Fruit of the Womb
Fruit of the Womb

A Loss of Twins and Missed Opportunities for Cerclage

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Recently, a reader left the comment below. The value and use of cervical cerclage continues to come into question. There are major institutions in this country where it is not considered to be a useful procedure and have abandoned or severely limited its use to selective patients in deference to ‘conservative management’, often now involving the administration of progesterone during the pregnancy. I have addressed my feelings on cerclage in a series published on this site many months ago (between August 18 and September 26, 2008). My feelings have not changed. There is a big difference between getting a couple of extra weeks to an extremely early pregnancy, or holding off delivery long enough to ‘get steroids on board’ for fetal lung maturation, and delivering a baby beyond 30 weeks gestation when the risk of long-term complications of prematurity are greatly diminished. Barely a week goes by on our service when a patient would have lost a pregnancy in the manner detailed below except for the timely recognition of cervical insufficiency and the placement of a cerclage in later midtrimester…

On June 10 Anonymous wrote:
I have read one of your previous articles regarding cervical cerclage. I was diagnosed with endometriosis, treated with laproscopy and subsequently underwent many IUIs and one cycle of IVF without success. My second IVF cycle was successful, but due to preterm premature rupture of membranes (PPROM) at 21 weeks, lost healthy twins. No history of diabetes or hypertension. Doctors could not diagnose the reason for PPROM, may be due to cervical incompetence. I was on total bed rest, but had some vaginal bleeding at 11 weeks. I just wanted to know if cervical incompetence could have been diagnosed before and cervical cerclage would have been useful. What are my chances of undergoing normal conception?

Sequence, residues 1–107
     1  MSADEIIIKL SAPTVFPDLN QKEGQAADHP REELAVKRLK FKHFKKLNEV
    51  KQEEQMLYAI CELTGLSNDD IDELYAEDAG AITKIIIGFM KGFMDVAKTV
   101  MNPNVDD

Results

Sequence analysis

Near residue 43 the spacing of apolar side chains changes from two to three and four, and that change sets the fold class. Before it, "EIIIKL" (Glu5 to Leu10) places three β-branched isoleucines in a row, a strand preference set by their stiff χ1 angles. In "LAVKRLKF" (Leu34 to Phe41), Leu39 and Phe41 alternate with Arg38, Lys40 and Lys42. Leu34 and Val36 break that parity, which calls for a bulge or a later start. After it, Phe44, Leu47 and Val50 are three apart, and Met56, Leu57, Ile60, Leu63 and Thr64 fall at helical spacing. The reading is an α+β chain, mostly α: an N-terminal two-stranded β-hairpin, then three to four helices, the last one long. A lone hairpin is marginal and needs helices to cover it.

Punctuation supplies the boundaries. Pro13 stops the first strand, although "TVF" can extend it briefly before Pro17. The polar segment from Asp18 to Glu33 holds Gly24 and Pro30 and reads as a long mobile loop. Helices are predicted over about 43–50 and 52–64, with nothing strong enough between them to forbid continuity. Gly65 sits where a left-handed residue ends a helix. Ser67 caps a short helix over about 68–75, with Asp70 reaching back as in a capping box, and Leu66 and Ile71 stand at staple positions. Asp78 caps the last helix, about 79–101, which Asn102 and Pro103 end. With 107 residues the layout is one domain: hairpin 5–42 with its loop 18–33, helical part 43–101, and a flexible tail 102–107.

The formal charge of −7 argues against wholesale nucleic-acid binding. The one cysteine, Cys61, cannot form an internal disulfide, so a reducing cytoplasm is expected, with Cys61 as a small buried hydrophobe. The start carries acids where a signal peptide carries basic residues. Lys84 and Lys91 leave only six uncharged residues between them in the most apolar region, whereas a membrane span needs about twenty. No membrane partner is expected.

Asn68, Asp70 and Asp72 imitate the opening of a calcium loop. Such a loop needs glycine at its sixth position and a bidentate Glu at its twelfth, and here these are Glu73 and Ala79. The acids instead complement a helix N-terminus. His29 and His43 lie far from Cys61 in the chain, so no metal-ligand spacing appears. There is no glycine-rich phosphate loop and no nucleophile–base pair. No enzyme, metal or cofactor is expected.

To anonymous June 10:
Conception and successful carriage of a pregnancy are separate issues. It sounds like you had (and may still have) cervical insufficiency with the twin pregnancy. I firmly believe that all multiple gestations, particularly those resulting in infertility patients, should be carefully evaluated for premature cervical changes by transvaginal ultrasound beginning as early as 16 weeks. If cervical changes were picked up early enough, a cerclage may well have been successful in preventing your pregnancy loss.

Twenty-five years ago, detecting and treating cervical incompetence in a 'first pregnancy' was rarely successful. The diagnosis of cervical incompetence (insufficiency) was a diagnosis of exclusion, usually after one or more premature deliveries or midtrimester pregnancy losses. But because of the increased surveillance by ultrasound, it is almost a weekly event on our service.

With a subsequent pregnancy, I would recommend serial cervical evaluation by ultrasound even if you have a single baby. You might also be a candidate for an elective/prophylactic cerclage at 13-14 weeks if you have any other risk factors such as a congenital uterine abnormality or previous cervical surgery (e.g., LEEP or conization). In addition, even if you and your providers decide only upon serial ultrasound evaluation, you might consider weekly injections with 17-OH-progesterone caproate beginning at 16-18 weeks as well. I am sorry for your loss, but with careful follow-up and pregnancy management, you should be successful in the future.
Kind regards,
Dr T
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About the Author

Dr. Trofatter is an expert on maternal-fetal medicine.

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